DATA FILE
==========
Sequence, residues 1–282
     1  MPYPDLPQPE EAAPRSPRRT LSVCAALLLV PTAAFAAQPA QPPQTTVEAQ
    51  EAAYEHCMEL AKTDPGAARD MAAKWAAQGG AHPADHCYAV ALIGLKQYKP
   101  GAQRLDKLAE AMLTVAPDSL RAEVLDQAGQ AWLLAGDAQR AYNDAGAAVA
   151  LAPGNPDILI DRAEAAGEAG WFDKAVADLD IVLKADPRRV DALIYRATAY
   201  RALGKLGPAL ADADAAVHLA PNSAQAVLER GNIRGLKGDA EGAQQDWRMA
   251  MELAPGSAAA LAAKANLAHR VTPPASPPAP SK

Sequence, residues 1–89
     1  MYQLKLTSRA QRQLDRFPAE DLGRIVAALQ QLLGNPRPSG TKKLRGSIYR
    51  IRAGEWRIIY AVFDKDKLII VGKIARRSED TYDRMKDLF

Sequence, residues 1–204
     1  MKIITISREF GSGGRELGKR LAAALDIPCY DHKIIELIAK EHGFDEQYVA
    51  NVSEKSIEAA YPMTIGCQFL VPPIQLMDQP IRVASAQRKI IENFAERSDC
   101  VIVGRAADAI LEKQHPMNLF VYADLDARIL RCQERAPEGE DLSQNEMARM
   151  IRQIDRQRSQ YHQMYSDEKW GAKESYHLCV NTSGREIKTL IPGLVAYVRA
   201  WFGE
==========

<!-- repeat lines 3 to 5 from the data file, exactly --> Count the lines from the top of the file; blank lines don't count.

    51  EAAYEHCMEL AKTDPGAARD MAAKWAAQGG AHPADHCYAV ALIGLKQYKP
   101  GAQRLDKLAE AMLTVAPDSL RAEVLDQAGQ AWLLAGDAQR AYNDAGAAVA
   151  LAPGNPDILI DRAEAAGEAG WFDKAVADLD IVLKADPRRV DALIYRATAY